Web Application Firewall (ModSecurity)

In order to detect and prevent attacks against web applications, the web application firewall (ModSecurity) checks all requests to your web server and related responses from the server against its set of rules. If the check succeeds, the HTTP request is passed to website to retrieve the content. If the check fails, the predefined actions are performed.

ModSecurity is supported in both Plesk for Linux and for Windows. It works as a web server (Apache or IIS) module.

Note: To use web application firewall (ModSecurity), administrators who upgrade from Plesk 11.5 must obtain a new Plesk Onyx license key either directly from Plesk or from their vendor.

Turning on ModSecurity

To turn on the web application firewall:

  1. Go to Tools & Settings > Web Application Firewall (ModSecurity) (in the Security group).

    If you do not see this link, install the ModSecurity component in Tools & Settings > Updates and Upgrades > Add/Remove Components > Web hosting group.

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  2. Set the web application firewall mode to On or Detection only. Each incoming HTTP request and the related response will be checked against a set of rules. If the check succeeds, the HTTP request will be passed to web site to retrieve the content. If the check fails, the event will be logged. In the Detection only mode, no other actions will be performed. In the On mode, the HTTP response will be provided with an error code.

    Note: The web application firewall modes can be set on the server and domain levels. However, the domain level mode cannot be higher than the mode set for the server. For example, if the web application firewall is working in Detection only mode on the server level, you will not be able to turn it to On for domains. Only Off and Detection only modes will be shown.

  3. Select the set of rules that will be checked by the web application firewall engine for each incoming HTTP request, or upload a custom rule set. You can select the following rule sets:
  4. To automatically update the selected rule set, select the Update rule set checkbox and select the update period.
  5. Select a predefined set of parameters or specify your custom ModSecurity directives. You can select the following predefined sets of parameters:


Log Files (Linux)

On Linux, ModSecurity uses two locations for logs:

Log Files (Windows)

On Windows, ModSecurity audit logs are domain-specific and located in %plesk_dir%\ModSecurity\vhosts\<domain's GUID>\logs (where %plesk_dir% is the default installation directory for Plesk).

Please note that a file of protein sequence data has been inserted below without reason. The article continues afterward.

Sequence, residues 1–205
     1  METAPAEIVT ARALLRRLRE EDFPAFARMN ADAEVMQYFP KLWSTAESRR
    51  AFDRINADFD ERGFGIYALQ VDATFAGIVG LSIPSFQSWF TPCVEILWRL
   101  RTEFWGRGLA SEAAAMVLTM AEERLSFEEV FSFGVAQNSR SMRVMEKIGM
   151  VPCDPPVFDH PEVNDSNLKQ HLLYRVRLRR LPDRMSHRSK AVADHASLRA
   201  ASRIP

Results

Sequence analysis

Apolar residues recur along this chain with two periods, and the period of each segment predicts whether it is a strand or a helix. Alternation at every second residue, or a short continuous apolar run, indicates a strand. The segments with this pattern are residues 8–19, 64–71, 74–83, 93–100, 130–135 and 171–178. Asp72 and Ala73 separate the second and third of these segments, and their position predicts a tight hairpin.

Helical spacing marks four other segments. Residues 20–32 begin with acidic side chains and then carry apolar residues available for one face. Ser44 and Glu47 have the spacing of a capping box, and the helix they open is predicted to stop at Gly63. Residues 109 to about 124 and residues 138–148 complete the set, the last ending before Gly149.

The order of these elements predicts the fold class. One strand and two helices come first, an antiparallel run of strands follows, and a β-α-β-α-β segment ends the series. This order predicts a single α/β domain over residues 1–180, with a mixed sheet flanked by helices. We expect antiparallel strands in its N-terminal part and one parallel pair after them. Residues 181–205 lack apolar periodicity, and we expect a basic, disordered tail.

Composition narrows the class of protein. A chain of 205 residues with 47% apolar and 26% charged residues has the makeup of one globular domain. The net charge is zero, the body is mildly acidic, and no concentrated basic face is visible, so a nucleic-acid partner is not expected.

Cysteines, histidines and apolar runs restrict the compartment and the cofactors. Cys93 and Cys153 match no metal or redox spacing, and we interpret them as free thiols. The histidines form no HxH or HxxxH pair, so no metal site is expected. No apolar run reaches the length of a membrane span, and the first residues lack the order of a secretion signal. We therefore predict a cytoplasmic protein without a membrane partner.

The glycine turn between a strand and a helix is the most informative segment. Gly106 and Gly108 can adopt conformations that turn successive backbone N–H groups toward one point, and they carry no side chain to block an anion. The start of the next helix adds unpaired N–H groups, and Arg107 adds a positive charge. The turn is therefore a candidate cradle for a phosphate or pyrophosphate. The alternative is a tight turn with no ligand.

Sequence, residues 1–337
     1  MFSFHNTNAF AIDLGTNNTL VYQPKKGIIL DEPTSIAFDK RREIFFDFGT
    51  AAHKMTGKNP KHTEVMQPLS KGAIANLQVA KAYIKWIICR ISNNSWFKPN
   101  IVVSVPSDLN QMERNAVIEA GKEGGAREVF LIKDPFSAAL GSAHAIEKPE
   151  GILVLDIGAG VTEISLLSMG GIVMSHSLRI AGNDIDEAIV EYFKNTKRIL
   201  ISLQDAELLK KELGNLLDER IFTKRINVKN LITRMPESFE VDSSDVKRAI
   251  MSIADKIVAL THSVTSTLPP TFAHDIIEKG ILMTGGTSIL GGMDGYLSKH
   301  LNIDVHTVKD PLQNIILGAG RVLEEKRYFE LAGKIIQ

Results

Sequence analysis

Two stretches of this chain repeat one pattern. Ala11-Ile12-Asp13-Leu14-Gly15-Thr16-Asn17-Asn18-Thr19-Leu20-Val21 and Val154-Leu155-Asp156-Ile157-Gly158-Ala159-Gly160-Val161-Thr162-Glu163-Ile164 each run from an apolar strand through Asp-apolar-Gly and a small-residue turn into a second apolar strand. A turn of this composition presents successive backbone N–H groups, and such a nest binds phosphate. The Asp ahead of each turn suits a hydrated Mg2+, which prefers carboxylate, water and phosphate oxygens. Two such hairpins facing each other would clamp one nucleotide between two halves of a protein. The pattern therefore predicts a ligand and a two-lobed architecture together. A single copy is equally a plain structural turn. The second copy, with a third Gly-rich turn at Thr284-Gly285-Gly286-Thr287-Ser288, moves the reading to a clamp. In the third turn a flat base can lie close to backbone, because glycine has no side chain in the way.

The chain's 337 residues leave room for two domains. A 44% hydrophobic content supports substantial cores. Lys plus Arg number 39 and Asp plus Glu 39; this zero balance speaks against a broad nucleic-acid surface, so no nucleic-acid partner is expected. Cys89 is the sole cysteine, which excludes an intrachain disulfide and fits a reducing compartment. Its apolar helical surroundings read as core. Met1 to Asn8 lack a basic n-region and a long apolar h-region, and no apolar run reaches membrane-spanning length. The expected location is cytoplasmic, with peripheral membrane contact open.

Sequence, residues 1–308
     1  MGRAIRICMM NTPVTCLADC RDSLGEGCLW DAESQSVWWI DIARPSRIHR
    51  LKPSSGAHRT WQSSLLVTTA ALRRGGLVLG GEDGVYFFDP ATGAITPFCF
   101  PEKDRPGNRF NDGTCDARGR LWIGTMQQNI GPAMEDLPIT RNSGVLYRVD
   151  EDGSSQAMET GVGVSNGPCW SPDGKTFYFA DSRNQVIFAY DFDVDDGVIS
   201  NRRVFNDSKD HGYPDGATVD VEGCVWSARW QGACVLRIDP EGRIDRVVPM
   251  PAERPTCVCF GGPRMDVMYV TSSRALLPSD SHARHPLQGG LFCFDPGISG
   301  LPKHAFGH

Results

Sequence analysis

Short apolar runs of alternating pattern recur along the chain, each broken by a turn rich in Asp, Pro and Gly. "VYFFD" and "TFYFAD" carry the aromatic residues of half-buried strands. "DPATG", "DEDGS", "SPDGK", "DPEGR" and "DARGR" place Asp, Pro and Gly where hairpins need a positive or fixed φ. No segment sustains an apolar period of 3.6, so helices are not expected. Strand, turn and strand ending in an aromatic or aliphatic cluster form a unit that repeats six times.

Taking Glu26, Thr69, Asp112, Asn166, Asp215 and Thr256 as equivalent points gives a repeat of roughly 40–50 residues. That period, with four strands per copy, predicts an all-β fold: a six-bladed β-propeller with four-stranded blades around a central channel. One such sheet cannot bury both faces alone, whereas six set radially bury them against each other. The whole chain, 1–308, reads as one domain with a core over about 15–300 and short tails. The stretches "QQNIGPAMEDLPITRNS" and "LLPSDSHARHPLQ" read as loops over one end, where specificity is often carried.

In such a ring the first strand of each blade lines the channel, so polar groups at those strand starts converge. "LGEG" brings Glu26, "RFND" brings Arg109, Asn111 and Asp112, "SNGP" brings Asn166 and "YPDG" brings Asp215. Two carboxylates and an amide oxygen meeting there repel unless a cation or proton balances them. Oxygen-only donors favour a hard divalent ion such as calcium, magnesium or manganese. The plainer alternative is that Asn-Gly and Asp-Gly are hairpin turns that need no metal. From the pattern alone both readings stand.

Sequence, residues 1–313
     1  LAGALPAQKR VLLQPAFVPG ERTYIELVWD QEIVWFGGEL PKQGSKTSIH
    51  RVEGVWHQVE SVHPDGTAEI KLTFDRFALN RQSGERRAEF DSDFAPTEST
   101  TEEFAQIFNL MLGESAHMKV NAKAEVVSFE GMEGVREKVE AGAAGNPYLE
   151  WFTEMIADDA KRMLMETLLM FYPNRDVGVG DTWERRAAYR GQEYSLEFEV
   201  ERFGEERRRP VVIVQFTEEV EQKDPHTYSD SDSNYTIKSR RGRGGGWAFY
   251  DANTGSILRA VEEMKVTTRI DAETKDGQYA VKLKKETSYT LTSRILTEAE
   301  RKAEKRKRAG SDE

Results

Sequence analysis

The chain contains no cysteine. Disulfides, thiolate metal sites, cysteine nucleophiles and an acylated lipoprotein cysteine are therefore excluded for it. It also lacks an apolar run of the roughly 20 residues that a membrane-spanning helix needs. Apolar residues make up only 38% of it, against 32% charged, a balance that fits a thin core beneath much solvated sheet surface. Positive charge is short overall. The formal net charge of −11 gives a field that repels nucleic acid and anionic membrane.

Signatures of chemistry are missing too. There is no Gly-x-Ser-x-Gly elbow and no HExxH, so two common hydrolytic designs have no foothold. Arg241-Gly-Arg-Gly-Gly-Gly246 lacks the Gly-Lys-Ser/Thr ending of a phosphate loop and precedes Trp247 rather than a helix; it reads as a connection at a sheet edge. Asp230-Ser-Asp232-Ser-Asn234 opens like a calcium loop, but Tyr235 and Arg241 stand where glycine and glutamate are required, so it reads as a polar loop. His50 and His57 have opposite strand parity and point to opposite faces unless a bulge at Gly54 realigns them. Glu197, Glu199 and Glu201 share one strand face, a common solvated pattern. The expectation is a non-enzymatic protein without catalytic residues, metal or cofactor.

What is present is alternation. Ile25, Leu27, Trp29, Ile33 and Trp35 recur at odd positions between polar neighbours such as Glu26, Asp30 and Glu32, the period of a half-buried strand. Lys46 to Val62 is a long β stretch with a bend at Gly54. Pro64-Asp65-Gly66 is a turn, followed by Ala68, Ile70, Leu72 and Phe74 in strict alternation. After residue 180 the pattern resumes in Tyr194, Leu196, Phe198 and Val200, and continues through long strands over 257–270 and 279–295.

Switching off Rules

A website can stop functioning as expected after you change the web application firewall mode to On from Off or Detection only. In the website error log, you can find such error codes as 403, 404, or 500, and they stop appearing after you change the web application firewall mode back to Detection only or Off. In this case, analyze the ModSecurity audit log to find out what is happening. You can switch off too excessively restrictive security rules or adjust the website.

To find out why an HTTP request cannot be completed for a website:

  1. View the audit log file for the website.

    In Plesk for Linux, you can use the Plesk's UI to view the log: go to Tools & Settings > Web Application Firewall (ModSecurity) and click the ModSecurity Log File link to download the audit log and open it in a new browser window.

  2. Use Search (Ctrl+F in most web browsers) to find events for the website (the domain name) that have caused problems. For example, your_domain.tld. The browser will highlight entries like HOST: your_domain.tld. In the three lines above the highlighted entry, find a string like --eece5138-B--. The eight symbols between the hyphens (in our example, eece5138) are the ID of the event triggered by the HTTP request.
  3. Search further for other entries with the same event ID. Look for an entry with the letter H after the event ID (in our example, eece5138-H--). This entry contains the ID and description of the security rule triggered while checking the HTTP request. The security rule ID is an integer number in quotation marks, starting with 3 and put with the prefix id in square brackets. For example, [id "340003"].
  4. Find a security rule ID in the event using the substring [id "3. This ID can be used when you switch off rules.

To switch off a rule:

  1. Go to Tools & Settings > Web Application Firewall (ModSecurity).
  2. In the Switch off security rules section, select the security rule by its ID (for example, 340003), by a tag (for example, CVE-2011-4898), or by a regular expression (for example, XSS) and click OK.

Nginx and ModSecurity Notes (Linux)

On Linux, ModSecurity is a module for Apache. Thus, it can check only HTTP requests that reach Apache. Apache can be supplemented with another web server - nginx. If you turn on the Process PHP by nginx option of the nginx web server for dynamic content of your website (in Apache & nginx settings for a website), the web application firewall will not be able to check HTTP requests because they will never reach Apache. For static content, if the Serve static files directly by nginx option is on, then HTTP requests will not reach Apache, so ModSecurity will not check them.

Upgrade Notes (Linux)

Useful tips if you had ModSecurity installed on the server before upgrading to Plesk Onyx:

Next in this section:

Atomic ModSecurity Rule Sets